Do Something about... phosphates in laundry detergents

See how Do Something brought about a phase-out ban on phosphates in Australia


Australians love to wash clothes - we carry out 1.9 billion laundry washes every year! When Do Something found out that 308 million Americans are only able to buy phosphate-free laundry detergents, we asked the question "why can't 22 million Australians do the same?"

As a result of the impact that laundry detergent phosphates had on waterways, America banned phosphates in the mid-nineties. Do Something wanted to achieve a similar result here in Australia - to that end we launched our 'National Phosphate Ban' campaign in October 2010.

Our campaign position was that Australian supermarkets were selling phosphate-based laundry detergents that would not be allowed in American supermarkets. We argued that if the Americans wouldn't sell them, then we shouldn't either.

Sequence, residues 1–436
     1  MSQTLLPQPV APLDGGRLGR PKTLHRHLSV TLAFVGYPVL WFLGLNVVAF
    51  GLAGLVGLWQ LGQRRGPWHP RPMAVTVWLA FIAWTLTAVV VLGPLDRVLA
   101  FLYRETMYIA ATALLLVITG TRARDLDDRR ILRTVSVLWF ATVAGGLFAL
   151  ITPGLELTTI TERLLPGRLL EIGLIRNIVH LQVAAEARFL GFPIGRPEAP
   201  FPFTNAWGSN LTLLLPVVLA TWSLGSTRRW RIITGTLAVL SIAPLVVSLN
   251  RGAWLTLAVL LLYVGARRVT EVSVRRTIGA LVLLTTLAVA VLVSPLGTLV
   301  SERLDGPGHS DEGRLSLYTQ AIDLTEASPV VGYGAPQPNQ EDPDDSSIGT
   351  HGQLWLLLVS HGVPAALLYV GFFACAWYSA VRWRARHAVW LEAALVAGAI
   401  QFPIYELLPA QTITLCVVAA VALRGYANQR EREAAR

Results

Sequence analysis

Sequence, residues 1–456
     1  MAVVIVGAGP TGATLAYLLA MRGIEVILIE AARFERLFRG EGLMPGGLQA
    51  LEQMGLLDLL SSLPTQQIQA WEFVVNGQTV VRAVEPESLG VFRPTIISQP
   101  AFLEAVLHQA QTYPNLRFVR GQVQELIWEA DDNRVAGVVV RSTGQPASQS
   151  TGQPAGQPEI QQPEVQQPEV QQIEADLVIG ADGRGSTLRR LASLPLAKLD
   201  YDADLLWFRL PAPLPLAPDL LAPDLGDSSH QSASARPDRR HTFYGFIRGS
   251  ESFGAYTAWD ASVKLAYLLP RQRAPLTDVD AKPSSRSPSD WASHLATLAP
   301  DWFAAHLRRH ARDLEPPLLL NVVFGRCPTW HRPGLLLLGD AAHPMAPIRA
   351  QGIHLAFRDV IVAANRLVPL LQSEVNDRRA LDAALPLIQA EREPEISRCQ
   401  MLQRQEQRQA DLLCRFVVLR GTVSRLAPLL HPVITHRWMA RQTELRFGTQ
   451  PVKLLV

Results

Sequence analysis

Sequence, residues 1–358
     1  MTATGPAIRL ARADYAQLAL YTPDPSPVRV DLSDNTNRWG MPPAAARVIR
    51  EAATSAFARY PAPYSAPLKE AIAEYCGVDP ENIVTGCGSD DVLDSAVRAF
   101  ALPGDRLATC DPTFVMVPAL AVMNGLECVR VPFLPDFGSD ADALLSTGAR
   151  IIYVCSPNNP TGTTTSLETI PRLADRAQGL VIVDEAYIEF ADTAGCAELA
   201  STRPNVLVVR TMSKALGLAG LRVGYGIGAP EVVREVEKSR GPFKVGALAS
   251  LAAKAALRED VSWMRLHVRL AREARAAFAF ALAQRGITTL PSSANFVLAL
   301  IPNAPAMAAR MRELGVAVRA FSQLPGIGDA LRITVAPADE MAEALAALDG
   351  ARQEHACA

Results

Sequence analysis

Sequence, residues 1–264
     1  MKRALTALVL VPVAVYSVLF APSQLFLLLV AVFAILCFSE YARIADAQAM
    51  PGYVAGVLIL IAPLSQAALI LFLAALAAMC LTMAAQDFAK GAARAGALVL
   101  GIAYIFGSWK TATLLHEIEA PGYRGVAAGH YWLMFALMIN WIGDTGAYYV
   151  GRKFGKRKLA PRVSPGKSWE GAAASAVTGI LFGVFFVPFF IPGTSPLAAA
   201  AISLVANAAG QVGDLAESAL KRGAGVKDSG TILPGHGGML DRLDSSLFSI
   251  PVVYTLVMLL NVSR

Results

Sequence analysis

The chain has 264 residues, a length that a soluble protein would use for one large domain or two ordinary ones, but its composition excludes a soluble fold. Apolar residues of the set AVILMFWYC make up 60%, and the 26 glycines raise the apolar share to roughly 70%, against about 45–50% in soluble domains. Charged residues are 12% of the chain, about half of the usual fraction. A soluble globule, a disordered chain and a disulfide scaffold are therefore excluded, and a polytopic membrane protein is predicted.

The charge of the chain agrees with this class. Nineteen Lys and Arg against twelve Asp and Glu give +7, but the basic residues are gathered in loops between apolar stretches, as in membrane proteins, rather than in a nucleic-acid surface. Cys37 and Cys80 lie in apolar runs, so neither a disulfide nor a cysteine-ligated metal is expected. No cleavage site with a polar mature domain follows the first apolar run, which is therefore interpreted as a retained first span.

Our discussions with ALDI about the issue led to the campaign's first major breakthrough. On April 3rd 2011, they kindly announced that they were phasing out phosphates in laundry detergents in over 250 ALDI stores by the end of 2013. Our phosphate fact sheet that was launched at this time can be downloaded here.

Following the announcement by ALDI, we began to liaise with Coles and Woolworths, which lead to our second major breakthrough. Coles joined with us to announce that they would ban phosphates from all home brand laundry detergents in 2012. Woolworths also wrote to us to confirm that would remove phosphates from all private label laundry products by the end of 2011.